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Evid Based Med 18:e45 doi:10.1136/eb-2012-101194
  • Qualitative research
  • Systematic review

Currently available smartphone apps for asthma have worrying deficiencies

  1. Brian McKinstry
  1. Centre for Population Health Sciences, University of Edinburgh, Edinburgh, UK
  1. Correspondence to : Professor Brian McKinstry
    Centre for Population Health Sciences, University of Edinburgh, Doorway 1, Medical School Teviot Place, Edinburgh EH8 9AG, UK; Brian.McKinstry{at}ed.ac.uk

Commentary on: .

Context

Long-term conditions are becoming more prevalent1 and self-management is increasingly advocated by health services as a means of addressing this problem.2 Mobile app designers have enthusiastically embraced the healthcare market by designing hundreds of health-related apps targeted at long-term condition management. However, in the absence of any regulatory body overseeing the content and quality of these apps, their suitability for self-management is unknown. Huckvale and colleagues sought to explore the content of readily available apps in asthma, a condition known to be improved by the use of self-management plans.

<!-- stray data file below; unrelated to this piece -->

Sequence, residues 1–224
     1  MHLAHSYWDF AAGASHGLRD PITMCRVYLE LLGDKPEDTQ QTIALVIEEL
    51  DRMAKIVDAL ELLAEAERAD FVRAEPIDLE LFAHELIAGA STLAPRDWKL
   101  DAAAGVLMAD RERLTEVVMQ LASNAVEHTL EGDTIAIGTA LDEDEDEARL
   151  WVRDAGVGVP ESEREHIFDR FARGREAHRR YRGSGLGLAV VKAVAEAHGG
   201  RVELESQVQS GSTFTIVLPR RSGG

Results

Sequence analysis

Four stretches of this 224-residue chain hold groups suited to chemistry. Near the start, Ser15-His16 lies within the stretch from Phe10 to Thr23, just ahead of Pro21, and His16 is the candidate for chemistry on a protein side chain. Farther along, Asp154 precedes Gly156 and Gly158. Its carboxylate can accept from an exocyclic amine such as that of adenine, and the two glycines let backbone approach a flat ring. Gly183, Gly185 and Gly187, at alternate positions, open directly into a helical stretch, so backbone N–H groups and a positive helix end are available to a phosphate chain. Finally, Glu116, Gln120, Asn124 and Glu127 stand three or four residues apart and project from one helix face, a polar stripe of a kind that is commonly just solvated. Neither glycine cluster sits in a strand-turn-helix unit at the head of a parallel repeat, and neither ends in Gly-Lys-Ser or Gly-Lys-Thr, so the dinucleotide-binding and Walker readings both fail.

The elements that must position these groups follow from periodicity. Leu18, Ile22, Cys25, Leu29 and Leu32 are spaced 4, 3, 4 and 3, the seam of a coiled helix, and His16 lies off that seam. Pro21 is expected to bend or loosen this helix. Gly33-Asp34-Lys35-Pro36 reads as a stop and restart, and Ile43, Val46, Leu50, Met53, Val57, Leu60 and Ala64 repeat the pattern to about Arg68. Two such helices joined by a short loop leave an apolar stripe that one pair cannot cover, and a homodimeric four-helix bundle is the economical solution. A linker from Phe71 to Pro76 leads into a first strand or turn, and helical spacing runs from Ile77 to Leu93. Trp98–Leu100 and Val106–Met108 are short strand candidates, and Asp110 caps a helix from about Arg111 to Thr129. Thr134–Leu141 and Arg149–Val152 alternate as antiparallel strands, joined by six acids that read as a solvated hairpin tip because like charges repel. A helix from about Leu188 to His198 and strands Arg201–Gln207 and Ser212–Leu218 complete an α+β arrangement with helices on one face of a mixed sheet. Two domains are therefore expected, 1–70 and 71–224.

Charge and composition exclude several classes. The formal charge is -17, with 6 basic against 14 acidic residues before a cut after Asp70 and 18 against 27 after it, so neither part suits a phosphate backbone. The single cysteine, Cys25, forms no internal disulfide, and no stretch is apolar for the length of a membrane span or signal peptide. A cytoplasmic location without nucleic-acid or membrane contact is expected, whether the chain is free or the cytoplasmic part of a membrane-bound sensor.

Methods

The authors adopted rigorous systematic review methodology to carry out the assessment. They sought asthma-related apps on app stores …

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